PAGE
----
Weddings

Here’s Everything You Need to Know about Postponing Your Wedding

Two local industry experts share advice for changing your date.


 postponing your wedding

Photo via Getty Images/Serhii Sobolevskyi

This story was updated on 5/1/2020 to better reflect the current advice around postponing weddings.

Wedding season is upon us, but as COVID-19 continues to alter life around the globe, things aren’t going off without a hitch as usual for soon-to-be-wed couples. If you’re one many spring, summer, or even fall brides or grooms mulling over the idea of postponing your wedding, here’s everything need to know about moving your date, according to Abby Gordon of 284 Weddings and Events and Keri Ketterer Walter of Always Yours Events.

Who should be making the call to postpone right now?

Gordon: At this time, every 2020 wedding on our event calendar has been postponed. Most of our clients have postponed for a full year and are re-booking in 2021. We are encouraging our clients to abide by the current government mandates, which are still fairly non-specific [when it comes] to private social events. However, it is our assumption that gatherings will be limited in size on an ongoing basis.

Ketterer Walter: It truly varies case by case, and each state has its own policies about reopening, which makes this question a challenge to answer. [In late April], New England governors put forth preliminary information introducing phases of [reopening]. With that said, it appears that weddings in May, June, July and August should be moved now, if they haven’t been already, as celebrations over approved guest counts will not be allowed. We might see weddings of 25-30 guests (plus vendors, bringing us to 50 people total) able to take place in the middle to the end of August of this year, but again it depends on how each state does with their reopening. Couples hosting early September weddings with more than 50 guests should begin thinking about their backup plans at this time in case their states have not successfully completed the 50-person-per-gathering phase by the time of their weddings. Late September and October couples should also begin discussing plan B so they have that in their back pocket in case it’s needed in the future.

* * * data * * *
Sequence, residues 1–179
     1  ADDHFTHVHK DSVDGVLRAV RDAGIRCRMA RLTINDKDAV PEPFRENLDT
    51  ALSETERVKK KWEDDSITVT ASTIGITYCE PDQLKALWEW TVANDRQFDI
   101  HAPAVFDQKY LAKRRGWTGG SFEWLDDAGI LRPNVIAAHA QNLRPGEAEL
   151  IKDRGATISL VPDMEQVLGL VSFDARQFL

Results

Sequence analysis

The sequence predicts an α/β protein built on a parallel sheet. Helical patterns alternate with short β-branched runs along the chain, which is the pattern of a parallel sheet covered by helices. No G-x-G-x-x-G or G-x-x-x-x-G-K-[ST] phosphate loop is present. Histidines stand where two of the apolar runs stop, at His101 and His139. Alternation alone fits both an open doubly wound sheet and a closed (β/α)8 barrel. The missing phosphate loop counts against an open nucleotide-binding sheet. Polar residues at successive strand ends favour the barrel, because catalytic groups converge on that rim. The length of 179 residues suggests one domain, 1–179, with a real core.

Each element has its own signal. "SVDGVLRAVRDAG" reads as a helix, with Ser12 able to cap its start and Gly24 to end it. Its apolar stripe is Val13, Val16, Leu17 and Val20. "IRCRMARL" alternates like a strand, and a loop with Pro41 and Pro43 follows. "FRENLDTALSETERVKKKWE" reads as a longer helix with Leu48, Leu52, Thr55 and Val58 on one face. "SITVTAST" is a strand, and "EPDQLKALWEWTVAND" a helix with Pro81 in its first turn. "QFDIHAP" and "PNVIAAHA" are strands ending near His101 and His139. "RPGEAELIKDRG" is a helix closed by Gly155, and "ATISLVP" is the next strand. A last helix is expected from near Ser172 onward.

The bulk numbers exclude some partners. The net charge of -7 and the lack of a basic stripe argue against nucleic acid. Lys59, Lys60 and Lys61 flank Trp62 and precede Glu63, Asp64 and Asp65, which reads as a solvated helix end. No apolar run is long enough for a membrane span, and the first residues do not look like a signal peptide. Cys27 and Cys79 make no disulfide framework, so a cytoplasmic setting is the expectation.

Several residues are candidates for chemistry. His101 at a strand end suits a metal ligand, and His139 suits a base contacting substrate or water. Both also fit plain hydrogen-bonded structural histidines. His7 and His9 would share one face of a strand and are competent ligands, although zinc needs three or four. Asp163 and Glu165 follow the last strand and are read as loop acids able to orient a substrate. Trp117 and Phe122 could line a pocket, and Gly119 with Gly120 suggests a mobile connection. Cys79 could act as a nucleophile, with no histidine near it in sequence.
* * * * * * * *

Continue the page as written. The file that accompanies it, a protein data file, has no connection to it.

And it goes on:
How do you recommend couples go about picking a new wedding date?

Ketterer Walter: With it being hard to pinpoint exactly when normalcy will return for each state, I recommend couples reach out to their vendors to discuss all of the date options available to them in the later part of 2020 and 2021. Create a spreadsheet with all viable date options and list which vendors are available for each date to help you make the decision easily. It’s in every couple’s best interest to keep their vendor teams intact as much as possible to ensure their day and vision unfolds in the way they envisioned, no matter what date they ultimately choose. Planners and vendor teams are working around the clock to reschedule dates and maintain the integrity of these celebrations. At this time, availability is limited for 2020 weekends so we are highly recommending that couples look into weekday weddings in the late fall and winter if they [hope to get married in] 2020. For couples whose weddings have large guests counts and require quite a bit of travel, moving to 2021 likely makes more sense. Keep in mind that, in New England, many of the popular Saturdays and weekend dates in May, June, and September 2021 have already been booked by couples who started planning their 2021 weddings earlier this year; being flexible and open to all months and days of the week in 2021 is ideal when considering rebooking.

Gordon: At this time, new dates are dictated by availability. We are matrixing venue and vendor availability for our clients to help them to choose a date that offers them the easiest shift and allows them to re-contract with their already-selected vendors and re-apply any deposits paid to date.

Should brides and grooms expect any fees or financial burden for postponing? 

Ketterer Walter: First, couples should not be expecting to get any deposits back. Those cover the cost of the work and time vendors have already put into planning the wedding, and we want to make sure that vendors are stable enough that they will be here next year. Couples should also keep in mind that there may be postponement fees for moving to a date that is past 2020. Lastly, if a vendor is going to be providing additional services, or if there’s a design change and the vendor will be spending more time to redo or alter the scope of the event, there could be some added fees.

Moving forward though, vendors are being incredibly understanding. They are the biggest supporters of couples postponing and getting dates that they’re excited about, and they want to make it as seamless and easy for their couples as possible. So overall, financially, there isn’t too much that couples should be worried about.